Accenture spokesperson Rachel Frey declined to answer specific questions about moderator concerns, but told The Intercept, “We prioritize the safety and well-being of our people, and we’ll continue to proactively communicate with them about these measures and answer any questions they have.” In a written statement, Facebook spokesperson Drew Pusateri told The Intercept, “Since March, we’ve increased our use of technology and enabled an overwhelming majority of our reviewers to work from home. But considering some of the most sensitive content can’t be reviewed from home, we’ve begun allowing reviewers back into some of our sites as government guidance has permitted. Our focus on reopening any office is on how it can be done in a way that prioritizes people’s health and safety. We are putting strict measures in place, making sure they’re followed, and addressing any confirmed cases of illness.”
Moderators who asked if they could use building stairs to avoid a logjam of people waiting for an elevator were told that the answer was probably no. Accenture similarly demurred on the subject of routine testing; when asked if moderators would need a negative test result to enter the office, a company manager replied, “It’s a great question. We don’t require you to test negative when you come to the office. What we do ask is that everyone does that internal check before they show up: How do I feel? Have in been in touch or in contact with somebody who is Covid-positive or exhibiting symptoms?”
The call provided moderators with little in the way of concrete specifics in case they or a co-worker contracted Covid-19, or what they ought to do if their personal or household health made in-office work too great a risk. “We will work with you,” the moderators were told repeatedly, a claim met with skepticism given what contractors say is a yearslong record of deception and neglect by Accenture and its HR teams, specifically when it comes to personal health. “If one person tests positive, they get assigned an HR case manager,” explained an Accenture manager on the call. “I’m actually one of the HR case managers, you and I would be buddies. … You would get assigned to us and we would work with you to determine proper quarantine, health concerns, etc.”
When asked what would happen in case of a genuine outbreak among the Facebook moderators, an Accenture manager said only that “there are different protocols set up for that,” but clarified that anyone asked to quarantine in case of such an event would not have to use their vacation days. There was no indication from the call that Accenture or Facebook would actually shutter these work sites entirely in case of infections, instead relying on notifying people determined to have been at risk of exposure. “It’s absolutely sloppy,” one Accenture moderator told The Intercept of the company’s pandemic outreach so far. “They didn’t give us anything in writing.”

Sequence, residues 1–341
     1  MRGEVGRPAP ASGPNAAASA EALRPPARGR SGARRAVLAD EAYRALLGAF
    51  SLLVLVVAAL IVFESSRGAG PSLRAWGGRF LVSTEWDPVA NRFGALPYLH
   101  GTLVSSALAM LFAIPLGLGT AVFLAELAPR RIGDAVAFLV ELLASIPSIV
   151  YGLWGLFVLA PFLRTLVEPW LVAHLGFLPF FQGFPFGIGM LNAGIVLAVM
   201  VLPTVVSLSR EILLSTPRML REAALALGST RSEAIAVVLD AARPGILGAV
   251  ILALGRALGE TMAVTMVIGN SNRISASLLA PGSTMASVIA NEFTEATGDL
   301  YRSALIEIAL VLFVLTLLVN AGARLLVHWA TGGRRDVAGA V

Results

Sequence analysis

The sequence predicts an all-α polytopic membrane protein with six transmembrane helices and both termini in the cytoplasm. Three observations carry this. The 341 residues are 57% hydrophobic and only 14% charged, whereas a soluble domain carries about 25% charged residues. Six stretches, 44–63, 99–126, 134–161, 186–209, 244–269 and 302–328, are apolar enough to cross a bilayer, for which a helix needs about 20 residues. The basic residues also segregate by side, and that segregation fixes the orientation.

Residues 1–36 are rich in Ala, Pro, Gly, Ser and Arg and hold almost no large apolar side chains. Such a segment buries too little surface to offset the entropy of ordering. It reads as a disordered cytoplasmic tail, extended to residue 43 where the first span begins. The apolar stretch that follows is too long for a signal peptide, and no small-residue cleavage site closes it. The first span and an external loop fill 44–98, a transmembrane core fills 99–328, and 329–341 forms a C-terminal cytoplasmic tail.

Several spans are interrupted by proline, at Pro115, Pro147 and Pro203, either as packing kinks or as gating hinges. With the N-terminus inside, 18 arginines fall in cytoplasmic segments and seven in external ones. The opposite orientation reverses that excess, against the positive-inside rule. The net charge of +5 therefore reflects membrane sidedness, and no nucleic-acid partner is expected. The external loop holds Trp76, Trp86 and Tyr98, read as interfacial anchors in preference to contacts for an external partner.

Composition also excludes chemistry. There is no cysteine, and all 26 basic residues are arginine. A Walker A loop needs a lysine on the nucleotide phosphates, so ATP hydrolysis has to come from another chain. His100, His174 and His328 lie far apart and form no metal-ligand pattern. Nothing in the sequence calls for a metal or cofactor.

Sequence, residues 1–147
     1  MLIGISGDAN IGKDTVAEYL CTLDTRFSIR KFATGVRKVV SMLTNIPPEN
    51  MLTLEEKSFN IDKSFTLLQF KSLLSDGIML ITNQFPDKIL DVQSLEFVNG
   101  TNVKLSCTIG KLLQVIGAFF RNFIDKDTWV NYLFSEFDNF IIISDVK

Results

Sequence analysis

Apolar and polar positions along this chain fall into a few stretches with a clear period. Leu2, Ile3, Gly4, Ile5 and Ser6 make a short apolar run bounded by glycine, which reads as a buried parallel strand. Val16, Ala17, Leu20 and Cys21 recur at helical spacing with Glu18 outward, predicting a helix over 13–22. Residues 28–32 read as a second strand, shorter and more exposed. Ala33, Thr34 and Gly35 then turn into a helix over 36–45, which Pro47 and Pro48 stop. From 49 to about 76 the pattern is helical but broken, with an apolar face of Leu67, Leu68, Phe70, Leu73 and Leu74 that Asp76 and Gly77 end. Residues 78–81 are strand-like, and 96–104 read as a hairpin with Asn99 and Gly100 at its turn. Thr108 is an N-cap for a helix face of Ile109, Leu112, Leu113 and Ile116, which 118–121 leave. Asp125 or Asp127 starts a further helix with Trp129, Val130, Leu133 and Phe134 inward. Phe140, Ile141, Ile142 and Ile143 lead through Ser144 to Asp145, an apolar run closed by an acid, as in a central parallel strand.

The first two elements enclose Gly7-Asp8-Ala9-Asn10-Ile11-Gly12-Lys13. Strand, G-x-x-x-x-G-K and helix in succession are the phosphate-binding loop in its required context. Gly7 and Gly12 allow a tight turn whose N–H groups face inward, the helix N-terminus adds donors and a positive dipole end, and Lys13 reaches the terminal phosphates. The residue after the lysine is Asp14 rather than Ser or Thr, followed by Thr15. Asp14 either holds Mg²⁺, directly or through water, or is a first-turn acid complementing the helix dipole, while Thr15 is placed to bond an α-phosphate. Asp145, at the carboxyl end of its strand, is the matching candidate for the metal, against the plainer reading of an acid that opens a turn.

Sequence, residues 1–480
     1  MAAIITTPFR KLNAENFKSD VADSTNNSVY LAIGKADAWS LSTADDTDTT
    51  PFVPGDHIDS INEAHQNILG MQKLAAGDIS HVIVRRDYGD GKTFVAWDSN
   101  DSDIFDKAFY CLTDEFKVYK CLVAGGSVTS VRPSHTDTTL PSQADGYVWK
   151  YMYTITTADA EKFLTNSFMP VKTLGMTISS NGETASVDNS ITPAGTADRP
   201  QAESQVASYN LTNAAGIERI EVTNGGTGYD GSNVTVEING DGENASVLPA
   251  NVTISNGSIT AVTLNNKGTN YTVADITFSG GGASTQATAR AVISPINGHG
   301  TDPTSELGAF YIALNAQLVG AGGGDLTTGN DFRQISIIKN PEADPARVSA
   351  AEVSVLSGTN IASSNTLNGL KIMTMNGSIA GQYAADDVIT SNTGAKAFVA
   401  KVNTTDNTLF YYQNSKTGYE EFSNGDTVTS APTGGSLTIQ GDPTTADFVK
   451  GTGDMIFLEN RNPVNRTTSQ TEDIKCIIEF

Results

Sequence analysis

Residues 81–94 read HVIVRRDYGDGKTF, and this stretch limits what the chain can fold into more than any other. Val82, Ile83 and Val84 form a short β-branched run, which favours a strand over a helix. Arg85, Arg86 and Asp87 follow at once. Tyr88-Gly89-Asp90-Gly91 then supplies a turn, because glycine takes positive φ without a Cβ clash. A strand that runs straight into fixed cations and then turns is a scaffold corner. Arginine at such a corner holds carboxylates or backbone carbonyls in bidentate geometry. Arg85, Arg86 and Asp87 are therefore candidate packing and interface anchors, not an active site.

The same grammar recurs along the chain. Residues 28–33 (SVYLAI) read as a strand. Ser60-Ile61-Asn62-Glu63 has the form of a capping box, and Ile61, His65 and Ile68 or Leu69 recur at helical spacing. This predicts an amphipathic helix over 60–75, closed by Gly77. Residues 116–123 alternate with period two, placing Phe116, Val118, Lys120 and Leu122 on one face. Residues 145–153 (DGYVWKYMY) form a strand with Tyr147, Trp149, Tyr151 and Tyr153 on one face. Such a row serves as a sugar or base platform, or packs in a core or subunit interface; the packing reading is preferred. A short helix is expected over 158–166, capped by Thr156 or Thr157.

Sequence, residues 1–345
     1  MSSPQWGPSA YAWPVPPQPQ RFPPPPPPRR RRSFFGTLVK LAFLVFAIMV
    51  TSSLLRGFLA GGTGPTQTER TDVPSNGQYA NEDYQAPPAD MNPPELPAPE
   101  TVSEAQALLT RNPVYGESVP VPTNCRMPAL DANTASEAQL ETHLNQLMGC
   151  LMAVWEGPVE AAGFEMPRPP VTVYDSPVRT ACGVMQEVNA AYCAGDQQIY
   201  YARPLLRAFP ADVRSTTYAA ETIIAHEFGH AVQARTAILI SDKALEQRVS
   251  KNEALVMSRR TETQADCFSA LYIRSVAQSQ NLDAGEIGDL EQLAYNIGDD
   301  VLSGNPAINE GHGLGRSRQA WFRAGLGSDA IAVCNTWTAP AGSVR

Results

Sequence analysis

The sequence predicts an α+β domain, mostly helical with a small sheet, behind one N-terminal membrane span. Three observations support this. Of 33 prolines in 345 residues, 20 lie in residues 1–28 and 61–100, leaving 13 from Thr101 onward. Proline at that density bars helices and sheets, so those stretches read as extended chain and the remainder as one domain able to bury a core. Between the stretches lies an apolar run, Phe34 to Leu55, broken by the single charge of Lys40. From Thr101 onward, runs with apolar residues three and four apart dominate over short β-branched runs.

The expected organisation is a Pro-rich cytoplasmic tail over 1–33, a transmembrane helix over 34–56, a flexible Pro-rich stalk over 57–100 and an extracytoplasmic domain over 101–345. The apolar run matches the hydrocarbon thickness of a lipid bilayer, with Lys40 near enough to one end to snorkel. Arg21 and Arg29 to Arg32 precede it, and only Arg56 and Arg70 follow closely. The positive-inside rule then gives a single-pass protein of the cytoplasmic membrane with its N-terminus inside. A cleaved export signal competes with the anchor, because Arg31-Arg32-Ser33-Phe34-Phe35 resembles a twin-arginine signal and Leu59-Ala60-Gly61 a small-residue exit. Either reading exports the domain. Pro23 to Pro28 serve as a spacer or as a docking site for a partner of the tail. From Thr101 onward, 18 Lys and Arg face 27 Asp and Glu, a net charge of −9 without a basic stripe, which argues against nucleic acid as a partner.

Accenture also declined to answer employee questions about hazard pay for those forced back into offices, a galling omission to many of these contractors who for years have complained of second-class treatment and inadequate compensation given the psychologically brutalizing nature of their work. An employee petition, first reported by Motherboard, called for a 50 percent increase in hourly wages for Facebook contract workers risking exposure by working on-site. By comparison, Facebook’s full-time employees, not only assured they can work from home through the middle of next year, will receive an additional $1,000 “for home office needs,” Business Insider reported. Per the meeting recording, Accenture said it will reimburse workers for the cost of taking an Uber or Lyft into the office, though that of course carries its own additional risks of virus transmission.
Some moderators said this friendly, informal pledge of accommodation from Accenture is already showing cracks, telling The Intercept that high-risk workers who’ve presented the company with doctors’ notes requesting to continue safely teleworking from home have been denied, with HR saying that the contractors in question must formally consent to releasing their medical records to the company so that they can be vetted. “There are people with immediate health concerns and they were told to contact HR,” said one moderator. The relationship between moderators and Accenture HR has been fraught, particularly with regards to sensitive health information; in August 2019, The Intercept reported that Accenture moderators alleged the company had pressured in-office therapists to divulge patient data. “I’m angry that they think so little of our lives,” the moderator added. “They couldn’t even bother to give us hazard pay in a pandemic.”